From a dog traumatised by fireworks to vegan diets — your pet queries answered

HE is on a mission to help our pets  . . . and is here to answer YOUR questions.

Sean, who is the head vet at tailored pet food firm, has helped with owners’ queries for ten years. He says: “If your pet is acting funny or is under the weather, or you want to know about nutrition or exercise, just ask. I can help keep pets happy and healthy.”If you want him to answer a question for YOU simply email him at [email protected]

Q) MY Border Collie Susie was badly affected by Fireworks Night last month.

It was particularly noisy this time and ever since then she’s been a bit sheepish. If she hears a loud bang she cowers and she’s not running to the door like she did before.

It has been a good few weeks now and she is still doing it. Could it be some kind of post-traumatic thing?

Emma King, Walsall

A) Sean says: It can be an association-based fear, yes. She remembers being really scared and any reminder brings up those anxieties again.

Luckily, there’s a really effective behavioural technique to tackle noise phobias in dogs.

It is called desensitisation and involves slowly exposing them to the types of sound they are scared of, gradually building the volume until it becomes background noise and they are no longer bothered by it.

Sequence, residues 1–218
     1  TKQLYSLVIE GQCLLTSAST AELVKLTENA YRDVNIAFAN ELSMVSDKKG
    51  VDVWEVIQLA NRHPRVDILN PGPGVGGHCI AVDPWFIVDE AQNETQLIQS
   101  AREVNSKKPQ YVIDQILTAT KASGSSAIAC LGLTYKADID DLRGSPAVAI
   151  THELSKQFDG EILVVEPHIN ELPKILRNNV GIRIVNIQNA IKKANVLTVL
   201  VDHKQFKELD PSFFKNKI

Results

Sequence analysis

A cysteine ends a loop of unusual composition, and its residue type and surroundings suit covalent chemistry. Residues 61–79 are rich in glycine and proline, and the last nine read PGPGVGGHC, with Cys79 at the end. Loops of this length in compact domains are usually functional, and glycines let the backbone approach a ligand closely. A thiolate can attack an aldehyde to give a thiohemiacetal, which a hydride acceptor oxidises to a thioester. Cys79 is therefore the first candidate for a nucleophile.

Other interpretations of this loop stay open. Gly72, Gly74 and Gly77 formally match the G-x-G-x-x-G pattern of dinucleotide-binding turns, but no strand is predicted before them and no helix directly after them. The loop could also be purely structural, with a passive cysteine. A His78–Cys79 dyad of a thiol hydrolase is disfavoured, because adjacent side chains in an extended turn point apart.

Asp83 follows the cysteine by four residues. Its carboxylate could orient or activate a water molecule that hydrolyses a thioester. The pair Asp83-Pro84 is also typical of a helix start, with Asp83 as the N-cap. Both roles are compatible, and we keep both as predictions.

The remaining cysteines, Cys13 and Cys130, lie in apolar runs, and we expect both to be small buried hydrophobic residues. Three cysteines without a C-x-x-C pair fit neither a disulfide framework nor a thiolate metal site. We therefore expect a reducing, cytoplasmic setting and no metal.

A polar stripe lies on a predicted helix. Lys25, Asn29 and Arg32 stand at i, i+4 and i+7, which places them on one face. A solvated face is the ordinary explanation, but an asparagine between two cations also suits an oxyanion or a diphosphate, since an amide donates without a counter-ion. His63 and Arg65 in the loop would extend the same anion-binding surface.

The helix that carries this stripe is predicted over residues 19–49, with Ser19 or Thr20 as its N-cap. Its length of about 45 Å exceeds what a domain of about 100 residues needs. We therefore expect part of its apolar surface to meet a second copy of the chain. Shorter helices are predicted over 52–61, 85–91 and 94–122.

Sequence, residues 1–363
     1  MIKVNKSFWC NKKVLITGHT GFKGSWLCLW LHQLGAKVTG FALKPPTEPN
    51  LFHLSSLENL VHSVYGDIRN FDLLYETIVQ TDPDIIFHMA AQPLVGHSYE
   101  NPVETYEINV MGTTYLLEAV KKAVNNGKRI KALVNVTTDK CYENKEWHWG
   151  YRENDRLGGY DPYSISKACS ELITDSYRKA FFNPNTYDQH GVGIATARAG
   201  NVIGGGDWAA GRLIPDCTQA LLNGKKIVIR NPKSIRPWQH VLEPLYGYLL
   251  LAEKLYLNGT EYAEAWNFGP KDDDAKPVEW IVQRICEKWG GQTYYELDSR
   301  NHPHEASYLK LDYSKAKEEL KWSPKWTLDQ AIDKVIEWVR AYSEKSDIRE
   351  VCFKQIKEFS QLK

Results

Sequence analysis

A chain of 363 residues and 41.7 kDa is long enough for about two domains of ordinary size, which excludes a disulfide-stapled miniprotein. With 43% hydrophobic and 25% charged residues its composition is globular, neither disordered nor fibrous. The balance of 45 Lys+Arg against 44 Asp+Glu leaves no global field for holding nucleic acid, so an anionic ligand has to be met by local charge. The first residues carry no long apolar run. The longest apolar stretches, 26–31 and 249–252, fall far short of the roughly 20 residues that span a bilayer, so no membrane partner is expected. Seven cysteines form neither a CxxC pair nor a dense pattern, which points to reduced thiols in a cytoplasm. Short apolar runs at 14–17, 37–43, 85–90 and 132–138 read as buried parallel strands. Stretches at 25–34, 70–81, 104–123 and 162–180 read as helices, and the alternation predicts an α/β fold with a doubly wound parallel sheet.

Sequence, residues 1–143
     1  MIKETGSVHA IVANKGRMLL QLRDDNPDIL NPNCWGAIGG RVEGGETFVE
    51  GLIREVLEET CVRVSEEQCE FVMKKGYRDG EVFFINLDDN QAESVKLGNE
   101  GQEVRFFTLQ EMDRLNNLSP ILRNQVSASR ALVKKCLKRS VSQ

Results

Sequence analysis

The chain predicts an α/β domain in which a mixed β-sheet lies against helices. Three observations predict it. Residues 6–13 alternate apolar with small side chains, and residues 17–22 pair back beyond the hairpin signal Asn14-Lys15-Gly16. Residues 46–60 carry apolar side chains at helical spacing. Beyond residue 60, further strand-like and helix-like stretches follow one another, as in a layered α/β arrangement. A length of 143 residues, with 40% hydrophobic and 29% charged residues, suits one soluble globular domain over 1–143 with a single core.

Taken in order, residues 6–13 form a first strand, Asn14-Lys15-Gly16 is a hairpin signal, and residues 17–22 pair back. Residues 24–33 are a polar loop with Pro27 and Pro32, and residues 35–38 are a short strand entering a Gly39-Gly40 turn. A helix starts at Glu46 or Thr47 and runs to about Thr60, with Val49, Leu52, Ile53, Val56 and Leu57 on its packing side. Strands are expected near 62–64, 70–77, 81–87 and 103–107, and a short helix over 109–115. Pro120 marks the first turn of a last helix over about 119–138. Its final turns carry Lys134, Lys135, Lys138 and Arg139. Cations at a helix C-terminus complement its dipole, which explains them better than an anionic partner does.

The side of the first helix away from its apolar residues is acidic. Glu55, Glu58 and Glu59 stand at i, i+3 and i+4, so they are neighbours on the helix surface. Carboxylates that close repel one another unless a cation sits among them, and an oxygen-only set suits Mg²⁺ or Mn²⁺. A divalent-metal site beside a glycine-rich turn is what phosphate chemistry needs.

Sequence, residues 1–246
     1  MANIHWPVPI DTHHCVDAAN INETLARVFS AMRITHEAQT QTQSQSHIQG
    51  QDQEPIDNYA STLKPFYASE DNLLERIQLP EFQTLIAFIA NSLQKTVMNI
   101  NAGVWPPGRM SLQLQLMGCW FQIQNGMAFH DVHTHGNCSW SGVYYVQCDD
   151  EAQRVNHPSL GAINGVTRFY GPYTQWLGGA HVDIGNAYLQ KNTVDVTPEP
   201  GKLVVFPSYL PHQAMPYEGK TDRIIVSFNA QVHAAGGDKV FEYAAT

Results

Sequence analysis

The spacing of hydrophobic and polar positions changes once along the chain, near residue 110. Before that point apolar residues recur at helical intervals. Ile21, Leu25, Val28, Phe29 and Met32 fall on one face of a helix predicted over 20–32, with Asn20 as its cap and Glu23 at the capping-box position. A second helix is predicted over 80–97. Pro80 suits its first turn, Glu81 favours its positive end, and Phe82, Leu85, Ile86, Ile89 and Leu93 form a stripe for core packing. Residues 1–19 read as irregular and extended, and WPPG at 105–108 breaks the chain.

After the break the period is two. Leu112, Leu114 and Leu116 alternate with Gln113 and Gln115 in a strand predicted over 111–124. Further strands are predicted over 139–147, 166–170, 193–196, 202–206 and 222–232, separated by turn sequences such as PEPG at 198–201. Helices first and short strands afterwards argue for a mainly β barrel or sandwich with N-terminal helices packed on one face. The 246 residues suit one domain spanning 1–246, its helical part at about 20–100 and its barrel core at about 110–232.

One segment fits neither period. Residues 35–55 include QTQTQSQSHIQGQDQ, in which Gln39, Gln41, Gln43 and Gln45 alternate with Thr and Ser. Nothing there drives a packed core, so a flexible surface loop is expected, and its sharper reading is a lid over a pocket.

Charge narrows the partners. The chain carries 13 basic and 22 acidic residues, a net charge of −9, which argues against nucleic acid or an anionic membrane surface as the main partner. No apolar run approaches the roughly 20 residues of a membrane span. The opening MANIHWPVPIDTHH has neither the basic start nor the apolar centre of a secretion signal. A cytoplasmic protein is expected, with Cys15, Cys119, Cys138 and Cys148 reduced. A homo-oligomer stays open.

It takes time and patience but will really help. There are guides online showing how to go about it.

Q) I HAVE a black labrador called Mollie. She has always been on Wainwrights food and is happy with the turkey one.

But I am vegan and want her to be vegan too. Is it OK for dogs not to have any animal products?

Bethany Poole, Glasgow

A) Sean says: Using the parts of farm animals that we as humans choose not to eat for our pet’s diets is a really sustainable way to feed our furry friends.

Plant-based pet diets can actually use more resources or release more greenhouse gasses than using up the nutritious, delicious and natural animal parts from the human food chain that would otherwise end up in landfill. They are called “animal byproducts” but that doesn’t mean they are poor-quality ingredients.

Dogs and cats are natural meat eaters, so to deprive them of it because of our moral values doesn’t sit well with me. If you want a vegan pet, a rabbit is a great option.

Q) I HAVE a one-year-old Cockapoo, Toffee, who has become all clingy since I’ve gone back to work.

She has a dog walker who takes her out each day and she’s left for two hours either side of that.

At night she cries and I’ve been letting her in my bed. Am I making a rod for my own back or is it right to comfort her? We had crate-trained her but all that has gone out of the window now.

Adam Cox, Gateshead, Tyne and Wear

A) Sean says: This depends what you want, Adam. You are creating a rod for your own back really by rewarding her attention-seeking behaviour and letting her in your bed when she cries.

You can’t train a dog not to be anxious — it’s an emotional response. But you can train them to gain confidence and be content again in a crate. Some people think of crates as a cage, or punishment. That’s putting human sentiment on things.